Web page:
The average person spends three hours per day surfing the mobile web and spend 6 hours per day online at work.The Internet consumes our lives, but most people don’t actually know what it is or how it works.
Do you know why all web addresses start with http://? How about the first ever domain name or web page?
We researched the history of the web and dumbed it down into simple language so you can understand exactly how you’re spending the majority of your time.
First, you should know how the Internet came to be. Its existence can be traced back to The USSR's Sputnik in the 1950's.
In the late 1950's, the USSR launched its spacecraft, Sputnik, which indirectly spawned the Internet.
That monumental moment in world history caused the US to create an Advanced Research Projects Agency in 1958. This group created the Information Processing Technology Office which then created all of the basic applications and guidelines that would eventually lead to the Internet.
It wasn't until Tim Berners-Lee created the World Wide Web in 1989 though, that the Internet made its public debut.
A few decades later, Tim Berners-Lee invented the World Wide Web. That's when the Internet was really introduced to the public.
Tim Berners-Lee first proposed the World Wide Web in March of 1989.
On Christmas day of 1990, Berners-Lee created the first successful communication between an HTTP client and a server. From there he designed and built the first Web browser, and the first Web page went live on August 6, 1991.
While Berners-Lee is credited for the invention of the World Wide Web, he did not invent the Internet. The two are not one and the same.
The Internet is a network of computer networks that spans the globe. It is the hardware and software that provides connections between multiple computers.
The World Wide Web is just a service of the Internet. It's a bunch of interconnected documents and resources and their specific locations (via hyperlinks and URLs) online.
In its simplest form, the Internet is a bunch of computers spread throughout the world that are connected to each other and swap information.
The computers communicate via telephone wires and satellite links, and they're all connected by a common software standard called Internet Protocol Suite (TCP/IP).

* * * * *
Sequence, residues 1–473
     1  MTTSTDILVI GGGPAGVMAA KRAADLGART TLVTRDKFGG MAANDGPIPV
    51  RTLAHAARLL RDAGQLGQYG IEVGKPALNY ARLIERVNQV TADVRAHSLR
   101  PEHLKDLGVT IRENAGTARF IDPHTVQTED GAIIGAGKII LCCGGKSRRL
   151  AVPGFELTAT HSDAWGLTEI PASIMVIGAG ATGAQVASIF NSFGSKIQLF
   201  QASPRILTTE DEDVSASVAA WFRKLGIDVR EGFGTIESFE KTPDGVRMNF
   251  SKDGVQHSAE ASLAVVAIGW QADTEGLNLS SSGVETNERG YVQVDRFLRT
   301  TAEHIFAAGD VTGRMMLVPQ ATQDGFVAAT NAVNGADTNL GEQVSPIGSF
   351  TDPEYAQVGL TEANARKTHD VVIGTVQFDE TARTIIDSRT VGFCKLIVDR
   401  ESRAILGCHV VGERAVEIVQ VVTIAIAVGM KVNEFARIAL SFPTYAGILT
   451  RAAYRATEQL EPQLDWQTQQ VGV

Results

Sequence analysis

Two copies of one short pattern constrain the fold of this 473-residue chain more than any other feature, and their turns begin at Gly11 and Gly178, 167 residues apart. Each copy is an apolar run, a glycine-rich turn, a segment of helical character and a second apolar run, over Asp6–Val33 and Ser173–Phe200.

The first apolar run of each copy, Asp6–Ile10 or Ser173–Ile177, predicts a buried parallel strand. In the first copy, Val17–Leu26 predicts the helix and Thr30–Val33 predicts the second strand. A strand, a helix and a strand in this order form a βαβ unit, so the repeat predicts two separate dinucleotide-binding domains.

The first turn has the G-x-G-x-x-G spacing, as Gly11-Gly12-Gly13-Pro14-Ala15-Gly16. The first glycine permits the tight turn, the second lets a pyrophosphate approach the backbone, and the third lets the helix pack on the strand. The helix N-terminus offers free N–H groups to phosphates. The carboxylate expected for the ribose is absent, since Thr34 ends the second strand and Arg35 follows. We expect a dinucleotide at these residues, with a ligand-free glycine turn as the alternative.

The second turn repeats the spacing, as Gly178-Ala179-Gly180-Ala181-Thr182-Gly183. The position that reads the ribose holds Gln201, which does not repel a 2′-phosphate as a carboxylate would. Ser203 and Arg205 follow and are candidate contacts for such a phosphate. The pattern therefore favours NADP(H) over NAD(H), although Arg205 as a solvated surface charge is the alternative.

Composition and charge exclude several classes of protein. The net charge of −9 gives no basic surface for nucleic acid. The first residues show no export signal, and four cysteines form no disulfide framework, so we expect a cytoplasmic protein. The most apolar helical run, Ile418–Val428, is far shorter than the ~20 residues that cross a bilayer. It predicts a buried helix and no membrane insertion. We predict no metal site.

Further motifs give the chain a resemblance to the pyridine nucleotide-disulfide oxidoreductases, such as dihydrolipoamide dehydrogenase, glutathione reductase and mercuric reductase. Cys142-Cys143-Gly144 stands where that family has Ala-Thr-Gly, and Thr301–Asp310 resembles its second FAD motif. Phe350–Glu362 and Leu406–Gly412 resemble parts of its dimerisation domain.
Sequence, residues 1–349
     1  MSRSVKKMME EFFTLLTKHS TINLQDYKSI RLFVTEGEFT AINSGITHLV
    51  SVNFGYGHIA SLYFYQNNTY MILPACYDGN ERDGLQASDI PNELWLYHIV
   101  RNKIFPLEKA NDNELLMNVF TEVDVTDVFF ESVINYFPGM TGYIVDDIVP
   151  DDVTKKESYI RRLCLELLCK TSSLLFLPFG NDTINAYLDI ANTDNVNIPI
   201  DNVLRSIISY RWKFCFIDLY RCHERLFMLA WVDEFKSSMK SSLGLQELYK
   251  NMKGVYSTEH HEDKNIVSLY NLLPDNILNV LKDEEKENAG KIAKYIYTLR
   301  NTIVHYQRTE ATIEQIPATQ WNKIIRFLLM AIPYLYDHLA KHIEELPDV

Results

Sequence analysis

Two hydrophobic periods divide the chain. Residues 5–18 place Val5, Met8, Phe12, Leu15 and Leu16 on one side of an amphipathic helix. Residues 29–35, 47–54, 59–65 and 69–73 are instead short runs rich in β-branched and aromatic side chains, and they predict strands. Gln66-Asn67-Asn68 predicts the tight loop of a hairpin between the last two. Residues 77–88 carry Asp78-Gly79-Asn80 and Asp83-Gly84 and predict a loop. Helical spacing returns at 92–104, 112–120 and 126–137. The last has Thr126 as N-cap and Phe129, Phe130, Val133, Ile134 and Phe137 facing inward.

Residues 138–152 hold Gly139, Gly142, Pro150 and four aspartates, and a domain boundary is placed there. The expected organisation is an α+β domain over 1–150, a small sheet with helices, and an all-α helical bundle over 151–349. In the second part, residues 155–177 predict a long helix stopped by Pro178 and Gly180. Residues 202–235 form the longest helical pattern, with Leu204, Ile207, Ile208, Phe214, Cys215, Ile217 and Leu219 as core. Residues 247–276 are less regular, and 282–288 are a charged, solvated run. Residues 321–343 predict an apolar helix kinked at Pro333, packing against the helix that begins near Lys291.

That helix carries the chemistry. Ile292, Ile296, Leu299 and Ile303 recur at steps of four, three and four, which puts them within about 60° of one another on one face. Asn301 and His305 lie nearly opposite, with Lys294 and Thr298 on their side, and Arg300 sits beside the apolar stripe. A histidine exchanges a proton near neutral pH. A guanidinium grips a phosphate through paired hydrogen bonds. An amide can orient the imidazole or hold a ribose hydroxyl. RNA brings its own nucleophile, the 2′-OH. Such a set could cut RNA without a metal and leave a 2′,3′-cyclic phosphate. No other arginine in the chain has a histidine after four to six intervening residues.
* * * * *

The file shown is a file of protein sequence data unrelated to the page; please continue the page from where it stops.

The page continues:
Essentially, it's one big network of networks. It's a 'gigantic, sprawling agreement between companies to intercommunicate freely.' (HowStuffWorks)
That's where the word 'Internet' comes from -- interconnected networks or inter-networks.
Now here's how it works. From the moment you sign online, your computer becomes one of the millions of machines contributing to the Internet.
When you connect to the Internet, your computer becomes one of many in the collective network that is the Internet.
For instance, your work computer could be connected to a local area network (LAN) or a modem which connects to an Internet service provider (ISP).
When you connect to an ISP, your computer becomes a part of its network. That network is already connected to another larger network, and that network is connected to yet another network, and so on and so forth across the globe.
The Internet is comprised of servers and clients. Servers are machines that provide services to other machines. Clients use these services. So when you sign online at work, your computer becomes a client that's accessing a Web server.
Once you've signed online and you're connected to an ISP, you're taken to a home page. Here's how your browser knows what page and information to pull up:
To surf the Web, you need to be using a web browser, like Firefox or Chrome.
Web browsers do two things:
- They access a Web server and request a page on the Internet so the right information shows up
- They interpret the page's HTML tags and display the Web page's information in a way that is intended/easily readable for you.
So, Web browsers ping Web servers to request pages/information. The servers then respond and produce the proper pages/information.
Voila, the page shows up on your screen.
Servers find the requested information via URLs and IP addresses.
Internet Protocol Addresses (IP Addresses) are unique ID numbers for every device that can access the Internet. They are formatted in a language that all computers can understand; computers use them to communicate with each other and find requested information/pages on networks and machines.